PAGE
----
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Baidu, Alibaba, and Tencent: What Academic Publishers and Societies Need to Know about China’s Tech Giants

Academic publishers are attempting to make inroads in China, considering the country’s growing investment in R&D and research output, as covered in a previous post. However, China’s unique characteristics make localizing a comparatively challenging task for publishers. Building a digital presence in China requires them to pay attention and adapt to relatively unique local conditions. Publishers have to deal with not only the Great Firewall of China but also powerful and highly innovative Chinese tech companies. Among these, three leaders stand out: 1) Baidu, which excels in online searching and AI technology; 2) Alibaba, known for e-commerce and cloud computing; and 3) Tencent, leader in social media and gaming. This article provides an overview of Baidu, Alibaba, and Tencent—known as BAT—and what publishers and societies need to know about them while building a presence in China.  

They’re big and getting bigger

Considering China’s population and the protection Chinese digital companies enjoy from international competitors, the BAT have amassed a digital empire. Baidu provides cloud storage, news, social media, virtual assistant, and legal research solutions, among others. Alibaba owns not just domestic and international retail and wholesale businesses but also logistics and supply chain management services, cloud services, and fintech services (Ant Group in the US) as well as one of China’s most prestigious newspapers, South China Morning Post. Tencent owns not just WeChat, China’s largest social media platform, but also mobile games, payment systems, video streaming, and e-commerce services. In 2021, Baidu Inc had a revenue of over USD 19.5 billion and Tencent revenue was over USD 83 billion. As of March 2022, Alibaba Group had a revenue of around USD 134.57 billion. The BAT are big not just by local standards but also international: in 2022, Tencent had a higher market value than Intel and IBM.

The BAT are also striving towards a larger international presence. Baidu has an R&D center based in California. Alibaba Group has a presence in multiple Western countries, including the US, New Zealand, Australia, and France (though its US business affiliate Ant Group is facing delisting in US markets). Tencent, which already owns data centers in the US and Canada and has a stake in a UK digital bank, is rumored to be expanding outside China more vigorously, particularly through gaming and cloud-based services. Moreover, Tencent has partnered with universities in the US, Hong Kong, and Singapore in setting up labs; it has also sponsored academic conferences both within and outside China, such as IEEE/CVF’s 2022 Computer Vision and Pattern Recognition Conference in New Orleans.  

Their solutions are integral to China’s research and higher education ecosystem

Baidu Scholar, a free academic search platform along the lines of Google Scholar, is the leading search tool used by researchers in China (in fact, this has led the international publisher Wiley to enter into a license agreement with it). Baidu Research, which is co-located in Silicon Valley, includes laboratories in data science and data mining, robotics and autonomous driving, and business intelligence, all of which contribute research papers in these fields. Similarly, Alibaba Group’s Taobao set up its own “university” in 2018, which offers courses on building a digital business, and more recently has plans to launch another university that offers training on various service sectors like logistics, retail, and catering. Tencent’s WeChat is one of the main ways Chinese researchers access and disseminate research. This platform is also widely used for researcher networking, collaboration, and even crowdsourcing answers to questions about research. Some journals also use it for informal author communication; around 65% of journals indexed in the Chinese Social Sciences Citation Index have WeChat accounts.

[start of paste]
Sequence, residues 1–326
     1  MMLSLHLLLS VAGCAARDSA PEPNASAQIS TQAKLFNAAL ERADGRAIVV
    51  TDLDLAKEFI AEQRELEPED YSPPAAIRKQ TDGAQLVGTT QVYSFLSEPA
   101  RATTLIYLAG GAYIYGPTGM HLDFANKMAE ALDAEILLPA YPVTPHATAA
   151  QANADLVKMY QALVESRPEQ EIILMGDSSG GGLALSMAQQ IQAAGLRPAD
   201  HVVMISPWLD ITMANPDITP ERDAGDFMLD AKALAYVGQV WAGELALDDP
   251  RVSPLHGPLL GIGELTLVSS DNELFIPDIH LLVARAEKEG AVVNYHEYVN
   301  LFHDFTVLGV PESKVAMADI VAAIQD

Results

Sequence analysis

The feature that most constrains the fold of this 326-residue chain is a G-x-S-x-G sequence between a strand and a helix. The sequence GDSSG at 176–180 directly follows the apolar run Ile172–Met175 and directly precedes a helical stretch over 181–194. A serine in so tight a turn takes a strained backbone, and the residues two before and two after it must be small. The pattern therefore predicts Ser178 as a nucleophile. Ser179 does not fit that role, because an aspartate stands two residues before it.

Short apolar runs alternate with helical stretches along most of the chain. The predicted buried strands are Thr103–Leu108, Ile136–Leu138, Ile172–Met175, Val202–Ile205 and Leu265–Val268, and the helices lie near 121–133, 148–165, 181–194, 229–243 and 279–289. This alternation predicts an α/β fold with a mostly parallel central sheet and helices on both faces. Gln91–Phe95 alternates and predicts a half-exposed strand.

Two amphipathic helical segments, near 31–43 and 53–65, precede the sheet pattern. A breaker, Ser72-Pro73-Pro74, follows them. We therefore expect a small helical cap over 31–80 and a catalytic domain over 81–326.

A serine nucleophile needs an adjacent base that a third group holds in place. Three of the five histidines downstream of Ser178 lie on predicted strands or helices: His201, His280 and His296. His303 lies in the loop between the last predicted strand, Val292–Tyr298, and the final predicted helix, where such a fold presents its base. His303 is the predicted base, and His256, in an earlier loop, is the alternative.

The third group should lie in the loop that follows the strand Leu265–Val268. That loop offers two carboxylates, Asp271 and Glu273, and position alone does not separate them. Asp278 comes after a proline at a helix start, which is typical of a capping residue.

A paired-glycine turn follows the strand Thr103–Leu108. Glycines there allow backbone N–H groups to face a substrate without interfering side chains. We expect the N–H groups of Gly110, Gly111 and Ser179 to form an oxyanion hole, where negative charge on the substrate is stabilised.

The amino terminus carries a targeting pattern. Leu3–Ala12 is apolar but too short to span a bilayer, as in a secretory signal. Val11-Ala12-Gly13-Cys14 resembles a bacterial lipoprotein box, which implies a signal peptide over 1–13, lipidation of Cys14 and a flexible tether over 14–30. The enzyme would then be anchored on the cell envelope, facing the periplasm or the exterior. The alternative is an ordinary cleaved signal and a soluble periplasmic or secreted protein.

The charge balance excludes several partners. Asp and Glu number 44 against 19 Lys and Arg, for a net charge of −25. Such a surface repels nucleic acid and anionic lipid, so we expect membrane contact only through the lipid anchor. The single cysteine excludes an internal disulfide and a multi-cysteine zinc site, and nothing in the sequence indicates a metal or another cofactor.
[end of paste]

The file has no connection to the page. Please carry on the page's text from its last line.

They have a role in the Chinese government’s R&D ambitions

The Chinese government’s 14th Five Year Plan emphasizes innovation and technological self-reliance. And given the above facts about the BAT, it’s not surprising that they are playing a significant role in the Chinese government’s ambitions in regard to R&D. The BAT are fueling investment and setting up additional laboratories, especially in the field of AI. They are playing a significant role in the Belt and Road Initiative, China’s development strategy to build connectivity and cooperation across six main economic corridors both physically and digitally (known as the Digital Silk Road). Under the Digital Silk Road, China has also launched the University Alliance of the Silk Road, a higher education and research initiative that brings together over 130 universities across five continents. The BAT have heavily contributed to the Digital Silk Road and all its initiatives by developing internet infrastructure in the form of cloud services, payment services, etc.  


Building a successful presence in a new market requires publishers and societies to understand not just its research ecosystem but also its overall digital landscape and economy. This is even more true of China, which is increasingly attracting the attention of leading publishers and journals as part of a long-term strategy to attract highly cited papers. As China’s share in the global research output grows, the products, services, and solutions from the BAT will not only play an increasingly important role within China’s research landscape but will also attract the attention of international publishing giants. 

Get in-depth insights on how to build a presence in China by understanding the country’s research agenda and ecosystem. Download this whitepaper.

Marisha Rodrigues

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